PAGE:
GREEN, MATTHIAS; English Grammar; 12mo, pp. 148: 1st Ed., London, 1837.

GREEN, RICHARD W.; "Inductive Exercises in English Grammar;" 18mo, pp. 108:
1st Ed., New York, 1829; 5th Ed., Phila., 1834.

GEEENE, ROSCOE G.; (1.) E. Gram.; 12mo, pp. 132: Hallowell, Me.; 1st Ed.,
1828; Ster. Ed., 1835. (2.) "A Practical Grammar for the English Language;"
(with Diagrams of Moods;) 12mo: Portland, 1829. (3.) "A Grammatical
Text-Book, being an Abstract of a Practical Gram., &c.;" 12mo, pp. 69:
Boston, 1833.

GREENE, SAMUEL S.; (1.) "Analysis of Sentences;" 12mo, pp. 258: 1st Ed.,
Philadelphia, 1848. (2.) "First Lessons in Grammar;" 18mo, pp. 171: 1st
Ed., Philad., 1848.

GREENLEAF, JEREMIAH; "Grammar Simplified;" 4to, pp. 48: New York; 3d Ed.,
1821; 20th Ed., 1837.

GREENWOOD, JAMES; English Grammar; 12mo, pp. 315: London, 1711; 2d Ed.,

GEENVILLE, A. S.; "Introduction to English Grammar;" 12mo, pp. 63: 1st Ed.,
Boston, 1822.

GRISCOM, JOHN, LL. D.; "Questions in English Grammar;" 18mo, pp. 42: 1st
Ed., New York, 1821.

GURNEY, DAVID. A. M.; English Grammar; 18mo, pp. 72: Boston, 1801; 2d Ed.,

GUY, JOSEPH, Jun.; "English School Grammar;" 18mo, pp. 143: 4th Ed., London
HALL, Rev. S. R.; "The Grammatical Assistant;" 12mo, pp. 131: 1st Ed.,
Springfield, Mass., 1832.

HALL, WILLIAM; "Encyclopedia of English Grammar;" (by report;) Ohio, 1850.

HALLOCK, EDWARD J., A. M.; "A Grammar of the English Language;" 12mo, pp.
251: 1st Ed., New York, 1842. A very inaccurate book, with sundry small
plagiarisms from G. Brown.

HAMLIN, LORENZO F.; "English Grammar in Lectures;" 12mo, pp. 108: New York,
1831; Ster. Ed., 1832.

HAMMOND, SAMUEL; English Grammar; 8vo: Lond., 1744.

HARRIS, JAMES, Esq.; "Hermes; or a Philosophical Inquiry concerning
Universal Grammar;" 8vo, pp. 468; London, 1751: 6th Ed., 1806.

HARRISON, Mr.; "Rudiments of English Grammar;" 18mo, pp. 108: 9th American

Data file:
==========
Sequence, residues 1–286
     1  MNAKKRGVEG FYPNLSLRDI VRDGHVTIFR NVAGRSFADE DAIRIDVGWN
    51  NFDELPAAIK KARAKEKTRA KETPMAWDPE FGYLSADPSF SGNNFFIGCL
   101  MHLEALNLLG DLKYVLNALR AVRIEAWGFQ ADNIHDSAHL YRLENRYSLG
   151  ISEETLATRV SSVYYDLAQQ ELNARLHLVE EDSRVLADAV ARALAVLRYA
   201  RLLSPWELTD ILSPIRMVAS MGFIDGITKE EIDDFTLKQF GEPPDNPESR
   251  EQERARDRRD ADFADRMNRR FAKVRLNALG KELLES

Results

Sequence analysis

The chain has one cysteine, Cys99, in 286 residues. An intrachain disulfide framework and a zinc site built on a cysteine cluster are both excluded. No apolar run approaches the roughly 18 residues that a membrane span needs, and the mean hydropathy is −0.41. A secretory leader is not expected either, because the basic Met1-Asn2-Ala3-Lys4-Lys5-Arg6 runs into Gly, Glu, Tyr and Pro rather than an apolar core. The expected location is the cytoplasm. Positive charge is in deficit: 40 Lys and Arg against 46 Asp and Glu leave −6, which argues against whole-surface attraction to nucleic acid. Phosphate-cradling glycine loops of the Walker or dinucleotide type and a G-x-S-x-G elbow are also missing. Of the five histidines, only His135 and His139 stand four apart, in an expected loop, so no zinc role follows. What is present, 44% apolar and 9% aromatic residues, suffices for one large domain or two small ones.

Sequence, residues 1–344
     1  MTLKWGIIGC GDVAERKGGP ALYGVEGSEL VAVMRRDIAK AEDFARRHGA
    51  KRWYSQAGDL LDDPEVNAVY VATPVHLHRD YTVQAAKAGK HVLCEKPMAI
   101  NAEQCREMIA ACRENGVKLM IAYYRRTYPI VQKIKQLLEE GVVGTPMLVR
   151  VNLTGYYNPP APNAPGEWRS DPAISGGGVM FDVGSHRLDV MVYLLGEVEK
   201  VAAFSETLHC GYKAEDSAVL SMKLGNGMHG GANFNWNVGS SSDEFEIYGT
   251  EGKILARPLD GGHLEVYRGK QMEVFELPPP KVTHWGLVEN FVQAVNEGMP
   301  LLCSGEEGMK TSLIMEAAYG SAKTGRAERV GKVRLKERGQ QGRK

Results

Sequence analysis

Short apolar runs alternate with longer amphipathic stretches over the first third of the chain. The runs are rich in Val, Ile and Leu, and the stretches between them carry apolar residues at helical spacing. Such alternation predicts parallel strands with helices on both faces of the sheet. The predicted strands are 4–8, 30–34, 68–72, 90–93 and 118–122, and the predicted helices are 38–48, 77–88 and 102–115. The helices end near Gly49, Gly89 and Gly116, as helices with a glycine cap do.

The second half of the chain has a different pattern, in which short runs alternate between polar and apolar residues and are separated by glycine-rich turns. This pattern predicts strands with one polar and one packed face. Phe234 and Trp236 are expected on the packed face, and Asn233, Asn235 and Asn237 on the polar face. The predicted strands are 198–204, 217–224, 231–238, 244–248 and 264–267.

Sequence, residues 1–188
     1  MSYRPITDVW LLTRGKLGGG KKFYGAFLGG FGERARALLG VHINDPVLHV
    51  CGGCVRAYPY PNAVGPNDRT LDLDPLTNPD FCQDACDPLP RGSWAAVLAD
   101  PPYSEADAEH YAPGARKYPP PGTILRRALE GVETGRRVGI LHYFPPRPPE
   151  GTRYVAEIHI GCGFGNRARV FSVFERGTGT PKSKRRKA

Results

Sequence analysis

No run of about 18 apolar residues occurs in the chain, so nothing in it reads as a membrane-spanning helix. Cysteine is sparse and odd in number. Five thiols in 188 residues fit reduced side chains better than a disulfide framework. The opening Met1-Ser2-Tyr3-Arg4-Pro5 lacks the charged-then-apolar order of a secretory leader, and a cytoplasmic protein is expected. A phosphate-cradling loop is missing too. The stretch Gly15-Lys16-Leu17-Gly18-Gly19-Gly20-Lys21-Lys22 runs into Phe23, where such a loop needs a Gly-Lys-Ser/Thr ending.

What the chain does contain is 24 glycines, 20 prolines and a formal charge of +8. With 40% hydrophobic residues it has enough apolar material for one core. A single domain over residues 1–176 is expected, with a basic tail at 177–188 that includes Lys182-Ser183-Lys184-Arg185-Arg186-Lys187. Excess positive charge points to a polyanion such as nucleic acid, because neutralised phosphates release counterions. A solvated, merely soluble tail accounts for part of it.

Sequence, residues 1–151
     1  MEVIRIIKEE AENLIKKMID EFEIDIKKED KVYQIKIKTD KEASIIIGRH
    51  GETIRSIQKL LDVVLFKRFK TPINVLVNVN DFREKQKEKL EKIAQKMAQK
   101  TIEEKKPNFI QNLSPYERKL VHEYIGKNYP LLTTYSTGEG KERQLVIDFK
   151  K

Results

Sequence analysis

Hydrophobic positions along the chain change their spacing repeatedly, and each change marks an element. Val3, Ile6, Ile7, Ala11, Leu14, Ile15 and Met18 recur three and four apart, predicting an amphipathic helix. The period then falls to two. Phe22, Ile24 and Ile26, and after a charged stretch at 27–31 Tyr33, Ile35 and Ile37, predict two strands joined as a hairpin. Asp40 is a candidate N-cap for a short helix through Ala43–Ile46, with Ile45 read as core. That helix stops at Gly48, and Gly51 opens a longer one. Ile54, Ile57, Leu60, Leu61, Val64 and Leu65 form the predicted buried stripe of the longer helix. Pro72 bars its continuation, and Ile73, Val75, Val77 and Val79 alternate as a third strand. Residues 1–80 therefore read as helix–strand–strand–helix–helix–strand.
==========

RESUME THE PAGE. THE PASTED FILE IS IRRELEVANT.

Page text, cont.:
Ed., Philad., 1812.

HARRISON, Rev. MATTHEW, A. M.; "The Rise, Progress, and Present Structure
of the English Language;" 12mo, pp. 393: Preface dated Basingstoke, Eng.,
1848; 1st American Ed., Philad., 1850.

HART, JOHN S., A. M.; "English Grammar;" 12mo, pp. 192; 1st Ed.,
Philadelphia, 1845.

HARVEY, J.; English Grammar: London, 1841.

HAZEN, EDWARD, A. M.; "A Practical Grammar of the English Language;" 12mo,
pp. 240: New York, 1842.

HAZLITT, WILLIAM; English Grammar; 18mo, pp. 205: London, 1810.

HENDRICK, J. L., A. M.; "A Grammatical Manual;" 18mo, pp. 105: 1st Ed.,
Syracuse, N. Y., 1844.

HEWES, JOHN, A. M.; English Grammar; 4to: London, 1624.

HEWETT, D.; English Grammar; folio, pp. 16: 1st Edition, New York, 1838.

HIGGINSON, Rev. T. E.; E. Gram.; 12mo; Dublin, 1803.

HILEY, RICHARD; "A Treatise on English Grammar," &c.; 12mo, pp. 269: 3d
Ed., London, 1840. Hiley's Grammar Abridged; 18mo, pp. 196: London, 1843:
4th Ed., 1851.

HILL, J. H.; "On the Subjunctive Mood;" 8vo, pp. 63: 1st Ed., London, 1834.

HODGSON, Rev. ISAAC; English Grammar; 18mo, pp. 184: 1st Ed., London, 1770.

HOME, HENRY, Lord Kames; "Elements of Criticism;" 2 volumes 8vo, pp. 836:
(3d American, from the 8th London Ed.:) New York, 1819. Also, "The Art of
Thinking;" 12mo, pp. 284: (from the last London Ed.:) New York, 1818.
HORNSEY, JOHN; English Grammar; 12mo, pp. 144; York, England, 1798: 6th
Ed., 1816.

HORT, W. JILLARD; English Grammar; 18mo, pp. 219: 1st Ed., London, 1822.